Inner Strength from Desperate Times

Jake Hovenden - Fairbanks, Alaska
As heard on NPR’s Weekend Edition, May 13, 2007
Jake Hovenden

As his father slowly succumbed to ALS, student Jake Hovenden was impressed with how lovingly his stepmother cared for his dad. The experience left Hovenden with a belief in the power of inner strength.

Age Group: Under 18

Only a handful of people know this about me, but five years ago my father died of Amyotrophic Lateral Sclerosis or ALS. This is a fatal disease that literally eats away at a person’s muscles until they cannot walk, talk, or even breathe. It was a life changing experience, but I can’t really say that I developed any defining beliefs from it. Rather, the whole thing just really confused me on what to believe.

But, this essay is not about my experience with my father’s passing. It’s about my stepmother.

I believe in inner strength. It was my stepmother, Janey Hovenden, who really had the hardest time when my father was suffering from ALS. For three years she juggled work, my dad and me with virtually no breaks, but she never gave up. Every day, right after she got home from work, she would cook dinner for us. She’d have to feed my father because ALS made it so he was incapable of feeding himself. During the nights my stepmother would stay up with my dad to make sure he wouldn’t suffocate while he slept. She’d stay up and comfort him, even though she had to work early the next morning. Janey even fought past her fear of needles in order to treat my dad at home because the last thing he wanted was to lie in a hospital bed during his final days.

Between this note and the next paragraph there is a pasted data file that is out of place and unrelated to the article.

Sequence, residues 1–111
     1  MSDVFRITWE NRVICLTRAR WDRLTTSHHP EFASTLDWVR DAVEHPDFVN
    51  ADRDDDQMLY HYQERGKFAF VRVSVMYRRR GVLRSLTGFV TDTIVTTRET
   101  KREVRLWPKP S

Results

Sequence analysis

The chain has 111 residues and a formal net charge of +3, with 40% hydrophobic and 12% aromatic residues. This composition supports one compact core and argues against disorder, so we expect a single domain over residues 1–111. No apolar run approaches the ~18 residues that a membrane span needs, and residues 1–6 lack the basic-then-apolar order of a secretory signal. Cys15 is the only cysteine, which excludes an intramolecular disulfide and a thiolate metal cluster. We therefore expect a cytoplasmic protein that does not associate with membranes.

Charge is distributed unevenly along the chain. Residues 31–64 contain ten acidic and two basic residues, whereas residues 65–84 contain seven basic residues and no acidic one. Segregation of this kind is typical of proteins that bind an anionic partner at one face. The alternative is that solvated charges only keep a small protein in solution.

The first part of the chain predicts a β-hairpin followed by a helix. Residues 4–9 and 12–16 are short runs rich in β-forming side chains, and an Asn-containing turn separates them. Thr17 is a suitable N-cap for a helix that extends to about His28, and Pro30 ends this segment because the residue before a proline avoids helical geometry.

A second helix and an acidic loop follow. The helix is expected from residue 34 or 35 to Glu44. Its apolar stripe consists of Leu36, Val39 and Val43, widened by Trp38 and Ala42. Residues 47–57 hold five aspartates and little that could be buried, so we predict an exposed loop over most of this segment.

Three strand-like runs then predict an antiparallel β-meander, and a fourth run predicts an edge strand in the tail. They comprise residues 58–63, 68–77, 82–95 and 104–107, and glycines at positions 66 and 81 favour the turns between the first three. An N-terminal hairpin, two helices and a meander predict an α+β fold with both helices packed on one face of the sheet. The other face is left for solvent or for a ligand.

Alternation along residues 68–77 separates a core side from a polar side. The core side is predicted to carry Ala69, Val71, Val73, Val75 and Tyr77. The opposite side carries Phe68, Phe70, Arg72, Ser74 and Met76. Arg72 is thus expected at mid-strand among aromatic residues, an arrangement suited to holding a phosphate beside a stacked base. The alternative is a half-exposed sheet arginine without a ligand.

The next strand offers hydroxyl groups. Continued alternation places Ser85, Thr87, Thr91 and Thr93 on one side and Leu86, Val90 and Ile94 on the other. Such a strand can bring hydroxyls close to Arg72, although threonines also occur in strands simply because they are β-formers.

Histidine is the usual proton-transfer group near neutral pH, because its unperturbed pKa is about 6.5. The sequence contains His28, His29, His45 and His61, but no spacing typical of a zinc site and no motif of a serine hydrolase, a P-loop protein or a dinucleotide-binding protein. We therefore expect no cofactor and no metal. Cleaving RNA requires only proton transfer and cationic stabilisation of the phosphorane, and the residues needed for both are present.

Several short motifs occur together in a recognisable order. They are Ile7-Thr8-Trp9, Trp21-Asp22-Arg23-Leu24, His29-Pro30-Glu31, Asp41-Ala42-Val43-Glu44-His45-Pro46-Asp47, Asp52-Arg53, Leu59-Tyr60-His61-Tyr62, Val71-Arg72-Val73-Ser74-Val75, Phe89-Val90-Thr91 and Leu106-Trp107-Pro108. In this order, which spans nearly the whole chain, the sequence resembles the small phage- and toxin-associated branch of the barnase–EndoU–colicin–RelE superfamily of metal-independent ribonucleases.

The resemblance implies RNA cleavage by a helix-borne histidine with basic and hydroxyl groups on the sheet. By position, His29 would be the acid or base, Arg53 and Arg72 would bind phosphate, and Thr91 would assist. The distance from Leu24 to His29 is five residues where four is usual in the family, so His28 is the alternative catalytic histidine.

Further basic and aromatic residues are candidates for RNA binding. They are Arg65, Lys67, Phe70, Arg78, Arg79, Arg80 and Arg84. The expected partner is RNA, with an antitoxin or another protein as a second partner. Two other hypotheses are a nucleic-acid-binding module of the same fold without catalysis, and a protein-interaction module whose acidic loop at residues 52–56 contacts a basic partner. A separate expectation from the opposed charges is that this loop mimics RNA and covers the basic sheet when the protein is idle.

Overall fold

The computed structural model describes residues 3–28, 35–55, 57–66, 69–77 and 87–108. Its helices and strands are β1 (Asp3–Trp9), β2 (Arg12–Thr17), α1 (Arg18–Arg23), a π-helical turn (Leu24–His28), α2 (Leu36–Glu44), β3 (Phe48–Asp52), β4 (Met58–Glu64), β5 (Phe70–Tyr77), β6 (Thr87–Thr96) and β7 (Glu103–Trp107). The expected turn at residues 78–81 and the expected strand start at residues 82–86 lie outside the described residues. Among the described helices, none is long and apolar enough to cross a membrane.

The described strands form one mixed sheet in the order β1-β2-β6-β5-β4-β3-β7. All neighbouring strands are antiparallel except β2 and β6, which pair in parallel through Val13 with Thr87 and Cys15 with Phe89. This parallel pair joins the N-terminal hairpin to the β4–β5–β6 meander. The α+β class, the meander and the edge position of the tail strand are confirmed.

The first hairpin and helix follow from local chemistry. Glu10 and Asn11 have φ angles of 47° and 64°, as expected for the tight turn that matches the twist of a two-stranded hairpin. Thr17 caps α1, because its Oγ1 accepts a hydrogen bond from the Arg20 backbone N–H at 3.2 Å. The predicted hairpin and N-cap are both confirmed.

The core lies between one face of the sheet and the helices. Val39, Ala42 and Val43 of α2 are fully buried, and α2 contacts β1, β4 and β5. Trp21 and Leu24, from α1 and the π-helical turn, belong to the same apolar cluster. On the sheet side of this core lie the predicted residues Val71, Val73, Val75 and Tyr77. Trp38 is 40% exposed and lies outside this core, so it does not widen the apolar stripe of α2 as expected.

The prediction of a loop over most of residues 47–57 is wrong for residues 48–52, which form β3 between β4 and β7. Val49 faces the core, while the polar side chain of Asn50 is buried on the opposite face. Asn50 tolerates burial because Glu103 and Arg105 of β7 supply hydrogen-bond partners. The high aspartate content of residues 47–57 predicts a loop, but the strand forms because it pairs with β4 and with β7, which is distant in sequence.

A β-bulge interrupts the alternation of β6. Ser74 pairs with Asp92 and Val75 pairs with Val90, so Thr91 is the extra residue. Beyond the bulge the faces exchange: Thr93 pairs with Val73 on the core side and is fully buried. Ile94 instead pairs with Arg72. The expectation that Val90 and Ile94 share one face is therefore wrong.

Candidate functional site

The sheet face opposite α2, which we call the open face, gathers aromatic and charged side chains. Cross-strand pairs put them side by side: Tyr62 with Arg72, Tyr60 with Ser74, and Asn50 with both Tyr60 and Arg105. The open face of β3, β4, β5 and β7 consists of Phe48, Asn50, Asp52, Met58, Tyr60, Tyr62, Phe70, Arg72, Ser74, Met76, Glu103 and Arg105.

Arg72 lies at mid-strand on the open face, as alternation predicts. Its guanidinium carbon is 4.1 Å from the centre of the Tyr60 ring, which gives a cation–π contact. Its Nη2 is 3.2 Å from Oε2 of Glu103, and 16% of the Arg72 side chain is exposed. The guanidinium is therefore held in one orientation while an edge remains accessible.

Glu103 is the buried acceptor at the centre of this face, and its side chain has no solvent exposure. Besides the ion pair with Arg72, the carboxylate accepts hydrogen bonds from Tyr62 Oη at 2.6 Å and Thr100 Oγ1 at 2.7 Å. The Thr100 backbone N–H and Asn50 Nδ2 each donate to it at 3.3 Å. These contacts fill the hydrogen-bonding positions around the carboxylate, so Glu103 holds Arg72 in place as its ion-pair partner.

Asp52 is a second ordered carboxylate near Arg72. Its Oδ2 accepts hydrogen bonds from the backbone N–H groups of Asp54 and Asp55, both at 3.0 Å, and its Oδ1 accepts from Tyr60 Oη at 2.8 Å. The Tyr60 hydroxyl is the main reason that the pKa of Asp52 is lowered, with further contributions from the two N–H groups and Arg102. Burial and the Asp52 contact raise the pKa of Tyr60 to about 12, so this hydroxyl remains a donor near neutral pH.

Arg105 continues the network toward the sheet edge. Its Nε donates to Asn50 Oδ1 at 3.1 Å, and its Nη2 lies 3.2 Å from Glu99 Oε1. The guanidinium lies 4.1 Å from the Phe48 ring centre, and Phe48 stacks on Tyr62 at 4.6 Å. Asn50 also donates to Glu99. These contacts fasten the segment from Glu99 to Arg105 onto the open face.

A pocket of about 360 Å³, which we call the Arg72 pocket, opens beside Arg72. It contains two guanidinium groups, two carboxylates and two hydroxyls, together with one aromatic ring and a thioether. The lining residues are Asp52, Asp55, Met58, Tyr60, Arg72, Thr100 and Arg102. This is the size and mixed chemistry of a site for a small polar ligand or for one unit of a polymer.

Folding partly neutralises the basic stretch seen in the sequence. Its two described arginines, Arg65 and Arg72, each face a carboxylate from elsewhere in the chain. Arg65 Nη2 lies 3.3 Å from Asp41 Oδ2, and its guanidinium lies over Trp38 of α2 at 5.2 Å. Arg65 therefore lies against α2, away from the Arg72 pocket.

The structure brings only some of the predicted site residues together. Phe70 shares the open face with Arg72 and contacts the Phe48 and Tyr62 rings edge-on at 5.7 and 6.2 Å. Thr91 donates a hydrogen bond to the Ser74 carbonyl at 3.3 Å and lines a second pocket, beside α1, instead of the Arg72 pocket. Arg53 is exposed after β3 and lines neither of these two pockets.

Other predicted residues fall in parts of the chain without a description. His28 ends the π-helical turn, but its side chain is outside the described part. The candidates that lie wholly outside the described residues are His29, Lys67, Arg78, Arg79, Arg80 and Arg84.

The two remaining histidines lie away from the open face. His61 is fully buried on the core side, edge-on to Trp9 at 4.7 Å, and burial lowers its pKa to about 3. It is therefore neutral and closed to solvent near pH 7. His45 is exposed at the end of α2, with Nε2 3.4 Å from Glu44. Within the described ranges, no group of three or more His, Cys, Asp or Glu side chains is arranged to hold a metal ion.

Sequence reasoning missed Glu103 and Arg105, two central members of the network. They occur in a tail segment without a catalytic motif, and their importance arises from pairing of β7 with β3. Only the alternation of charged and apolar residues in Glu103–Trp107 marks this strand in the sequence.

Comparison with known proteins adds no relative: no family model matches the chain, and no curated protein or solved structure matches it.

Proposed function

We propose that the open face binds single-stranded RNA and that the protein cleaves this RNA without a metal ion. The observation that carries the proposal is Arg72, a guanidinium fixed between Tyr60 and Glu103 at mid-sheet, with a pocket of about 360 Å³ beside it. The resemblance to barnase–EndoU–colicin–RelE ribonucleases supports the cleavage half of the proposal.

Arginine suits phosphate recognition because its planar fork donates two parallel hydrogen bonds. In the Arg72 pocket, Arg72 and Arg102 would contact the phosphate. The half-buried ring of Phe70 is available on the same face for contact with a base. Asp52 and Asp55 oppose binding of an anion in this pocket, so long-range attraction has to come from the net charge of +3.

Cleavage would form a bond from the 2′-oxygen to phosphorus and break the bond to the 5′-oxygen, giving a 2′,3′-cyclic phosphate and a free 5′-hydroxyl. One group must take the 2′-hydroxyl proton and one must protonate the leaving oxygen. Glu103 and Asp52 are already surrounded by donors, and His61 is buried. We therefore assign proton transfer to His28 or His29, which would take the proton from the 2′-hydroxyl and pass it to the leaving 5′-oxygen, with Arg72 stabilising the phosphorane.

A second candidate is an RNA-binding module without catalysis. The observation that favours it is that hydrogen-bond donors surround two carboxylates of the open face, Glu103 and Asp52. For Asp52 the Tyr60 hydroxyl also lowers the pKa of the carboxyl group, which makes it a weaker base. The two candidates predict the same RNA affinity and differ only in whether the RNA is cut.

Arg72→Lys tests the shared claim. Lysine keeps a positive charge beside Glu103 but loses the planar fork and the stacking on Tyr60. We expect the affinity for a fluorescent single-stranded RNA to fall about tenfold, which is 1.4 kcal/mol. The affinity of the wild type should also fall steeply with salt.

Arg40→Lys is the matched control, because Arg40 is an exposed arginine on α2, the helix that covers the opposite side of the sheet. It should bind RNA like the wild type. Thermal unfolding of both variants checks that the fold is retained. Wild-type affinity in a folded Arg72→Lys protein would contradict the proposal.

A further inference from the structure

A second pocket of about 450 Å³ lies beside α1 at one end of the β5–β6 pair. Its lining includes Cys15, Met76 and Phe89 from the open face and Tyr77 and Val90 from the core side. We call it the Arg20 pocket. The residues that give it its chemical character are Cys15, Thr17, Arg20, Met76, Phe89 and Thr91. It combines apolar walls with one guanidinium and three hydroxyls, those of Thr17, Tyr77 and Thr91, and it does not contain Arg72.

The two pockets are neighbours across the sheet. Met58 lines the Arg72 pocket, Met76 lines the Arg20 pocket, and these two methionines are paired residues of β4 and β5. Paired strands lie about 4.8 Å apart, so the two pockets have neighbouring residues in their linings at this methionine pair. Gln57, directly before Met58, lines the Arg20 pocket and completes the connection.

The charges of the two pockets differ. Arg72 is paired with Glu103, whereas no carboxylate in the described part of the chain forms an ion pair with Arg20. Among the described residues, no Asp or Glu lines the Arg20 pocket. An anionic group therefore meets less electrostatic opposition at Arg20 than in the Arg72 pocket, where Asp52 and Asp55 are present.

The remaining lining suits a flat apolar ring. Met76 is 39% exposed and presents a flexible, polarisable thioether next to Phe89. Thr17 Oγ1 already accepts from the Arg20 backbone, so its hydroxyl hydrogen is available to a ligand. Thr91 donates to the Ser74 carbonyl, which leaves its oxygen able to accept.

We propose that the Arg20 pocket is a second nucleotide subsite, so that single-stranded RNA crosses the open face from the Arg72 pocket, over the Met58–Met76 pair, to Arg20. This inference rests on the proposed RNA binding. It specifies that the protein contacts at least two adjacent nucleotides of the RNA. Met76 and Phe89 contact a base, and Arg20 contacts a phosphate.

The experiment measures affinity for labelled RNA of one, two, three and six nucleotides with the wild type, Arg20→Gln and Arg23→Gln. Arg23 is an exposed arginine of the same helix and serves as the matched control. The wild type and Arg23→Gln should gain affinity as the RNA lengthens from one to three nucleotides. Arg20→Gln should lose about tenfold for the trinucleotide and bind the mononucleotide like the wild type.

My dad was a proud man and didn’t want people to see him when he was wasting away, but Janey went against his wishes and invited old friends over to say their final goodbyes. Although he didn’t want to admit it my dad cherished every visit.

I really had not appreciated what my stepmother had done before, but looking back I realize how much she did for my dad. She kept him alive as long as she could, almost single-handedly.

Today Janey is doing well and still taking care of me, just as well as she took care of me and my dad when he was sick. Before my dad passed-on he told Janey that she would have to be my father figure, and though she isn’t my dad, she is the next best thing. She jokes around with me about it. Even though I live mostly with my Mom, I still get to see Janey once a week and she has helped me immensely in getting through this and I think I help her, too. She says I remind her of Dad, and spending time with me and cooking dinner for me helps her remember.

I believe that inner strength emerges when times are desperate. I believe people sometimes refuse to give up, and they help others no matter the personal cost. My stepmother proved that to me.

Jake Hovenden lives in Fairbanks, Alaska, where he enjoys snowboarding in the winter and ultimate Frisbee during the 24-hours of daylight in the summer. His stepmother helped inspire Hovenden’s interest in forensics, which he’s considering as a career.

Independently produced for NPR by Jay Allison and Dan Gediman with John Gregory and Viki Merrick.